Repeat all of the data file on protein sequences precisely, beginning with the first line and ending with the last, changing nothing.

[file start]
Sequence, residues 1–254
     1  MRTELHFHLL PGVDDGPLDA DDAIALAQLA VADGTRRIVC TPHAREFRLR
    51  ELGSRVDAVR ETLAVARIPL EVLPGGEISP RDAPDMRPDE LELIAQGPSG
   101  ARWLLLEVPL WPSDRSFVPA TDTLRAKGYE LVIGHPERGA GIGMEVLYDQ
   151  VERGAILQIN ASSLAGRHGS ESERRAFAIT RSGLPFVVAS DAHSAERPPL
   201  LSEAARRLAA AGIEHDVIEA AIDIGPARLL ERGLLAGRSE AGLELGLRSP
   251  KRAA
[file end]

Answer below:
Sequence, residues 1–254
     1  MRTELHFHLL PGVDDGPLDA DDAIALAQLA VADGTRRIVC TPHAREFRLR
    51  ELGSRVDAVR ETLAVARIPL EVLPGGEISP RDAPDMRPDE LELIAQGPSG
   101  ARWLLLEVPL WPSDRSFVPA TDTLRAKGYE LVIGHPERGA GIGMEVLYDQ
   151  VERGAILQIN ASSLAGRHGS ESERRAFAIT RSGLPFVVAS DAHSAERPPL
   201  LSEAARRLAA AGIEHDVIEA AIDIGPARLL ERGLLAGRSE AGLELGLRSP
   251  KRAA